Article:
Peak Inflation, Again!

This week surprised most forecasters when core consumer price (CPI) and producer price inflation rates returned to 40-year peak levels. Instead of confirming several months of falling inflation rates and an end to Fed rate hikes, we now await a new downtrend in the CPI to start. Investors may have hoped a lower inflation rate this week would mean the poorly named Inflation Reduction Act” was already working before it began and would herald the coming of the Dovish Fed pivot. Instead, the market saw Fed Chair Powell’s shadow and burrowed deeper into its hole. On top of this Bearish inflation news that sent the SP 500 benchmark down 5% in two days, Quantitative Tightening (QT) doubled this month. Our Fed will now sell $30 billion in MBS (mortgages) and $60 billion in Treasuries monthly, draining bank reserves from the system and tightening credit. Many money managers and CEO’s are clamoring that the economy is “flat on its back” and urge the Fed to stop and wait to see how well the current rate hikes work. A crystal ball would be nice, but such advice will rightly be ignored by Central Bankers with over 8% headline inflation when it could take years to know what effect a Fed rate hike will have. The rate hikes of 2004 to 2006 were far greater than the hikes this year and yet it was 4 years later before inflation and consumption finally slowed and triggered the mortgage debacle of 2008. The 3 years of rate hikes beginning in 2016 did not reveal any impediment to consumption or inflation rates for 4 years. With inflation rates more than double these comparisons for four months, there is no way the Fed is going to indicate a pause until inflation falls precipitously. As can be seen by the personal consumption expenditure line (PCE), spending jumped more than a trillion dollars above normal due to Government handouts and monetary stimulus the past 2 years. Quite simply, consumption needs to fall, the economy needs to slow further, and record job openings must switch to “modest” job losses before the inflation tiger can be tamed.

The good news is that we see the September inflation report as more of an anomaly on the path toward a slowly falling inflation rate. While core Producer Price inflation (PPI) remains at peak levels just under 9%, the month-over-month numbers are now at one-year lows. As the high monthly numbers of the past 8 months or so fall off, the year over year data will become easier for the Fed to achieve its inflation target. With over half of our extreme inflation supply chain (labor) oriented, it’s a good sign that both manufacturing and service sector inflation at the producer level are clearly showing a cooldown in pricing pressures. A few month over month contractions in PPI with <50 PMI Price Index level may be required for the Fed to shift to a more Dovish monetary policy.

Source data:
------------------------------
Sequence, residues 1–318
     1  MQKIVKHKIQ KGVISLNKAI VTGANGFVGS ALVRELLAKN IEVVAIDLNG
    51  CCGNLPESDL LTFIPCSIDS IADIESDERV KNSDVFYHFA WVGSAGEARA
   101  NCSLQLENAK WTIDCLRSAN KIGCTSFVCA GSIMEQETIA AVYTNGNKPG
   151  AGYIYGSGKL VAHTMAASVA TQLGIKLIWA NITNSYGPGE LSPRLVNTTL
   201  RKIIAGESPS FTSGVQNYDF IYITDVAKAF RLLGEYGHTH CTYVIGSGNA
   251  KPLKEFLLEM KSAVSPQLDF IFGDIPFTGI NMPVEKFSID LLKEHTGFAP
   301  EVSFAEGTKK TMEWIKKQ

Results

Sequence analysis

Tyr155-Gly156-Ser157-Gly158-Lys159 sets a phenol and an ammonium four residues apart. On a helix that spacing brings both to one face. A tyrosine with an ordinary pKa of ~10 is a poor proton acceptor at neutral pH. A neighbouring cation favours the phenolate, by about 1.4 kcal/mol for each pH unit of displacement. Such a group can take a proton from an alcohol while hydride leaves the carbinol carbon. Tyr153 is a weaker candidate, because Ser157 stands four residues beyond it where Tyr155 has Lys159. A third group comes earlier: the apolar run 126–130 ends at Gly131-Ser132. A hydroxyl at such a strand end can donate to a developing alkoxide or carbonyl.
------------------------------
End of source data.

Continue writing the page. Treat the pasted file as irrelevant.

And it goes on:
However, the throngs shouting that our economy has tanked, and housing has collapsed seem unaware that industrial production and home construction are extremely high and not yet contracting. Home prices are still soaring by 18% and the demand for workers remains historic with record inflation. It seems a bit premature to say the Fed should declare victory and stop pumping the brakes, especially when this Administration just passed another $1 to $2 trillion in new get out their vote mid-term stimulus bills. This consumer is still far too strong to assume inflation will fall significantly in the near term. Housing and owner equivalent rent comprise over 40% of the CPI. This key inflation measure is considered quite sticky, operating with a lag, and it shows no hint of rolling over. We can’t wait a year to see if inflation stays high without risking an entrenched wage spiral and long-term damage to our small business innovators.

The employment cost shock and strength of the labor market are already causing a dangerous deterioration among small businesses with weak reserves that are unable to compete with major corporations for scare labor resources. Unfortunately, we need to see Gross Domestic Income (GDI) and Job Openings falter, commensurate with falling inflation rates, before the Fed can terminate its credit tightening effort. When the September CPI report comes out in October, we believe it will show a clear drop in core CPI and the Fed’s PCE metric. With labor being such an important part of inflationary supply chains, then by definition, labor will have to loosen and unemployment will need to rise at least modestly (>5) before consumption pricing can normalize. That is when we can anticipate a new downtrend in official inflation data and expect equity markets to rebound in the short to medium term. 

With stubbornly strong consumer spending, labor shortages and continued upside surprises in corporate earnings to date, the extreme investor pessimism should afford an undervalued buying opportunity by October 13th when the next CPI report is released. On the bigger picture, we continue to see downside risk into Q1 2023 before an all-clear Buy for the next Bull market can begin. Our current 60% cash position may be partially invested in the 2nd half of September or 1st half of October near the June stock market price lows or lower.

 

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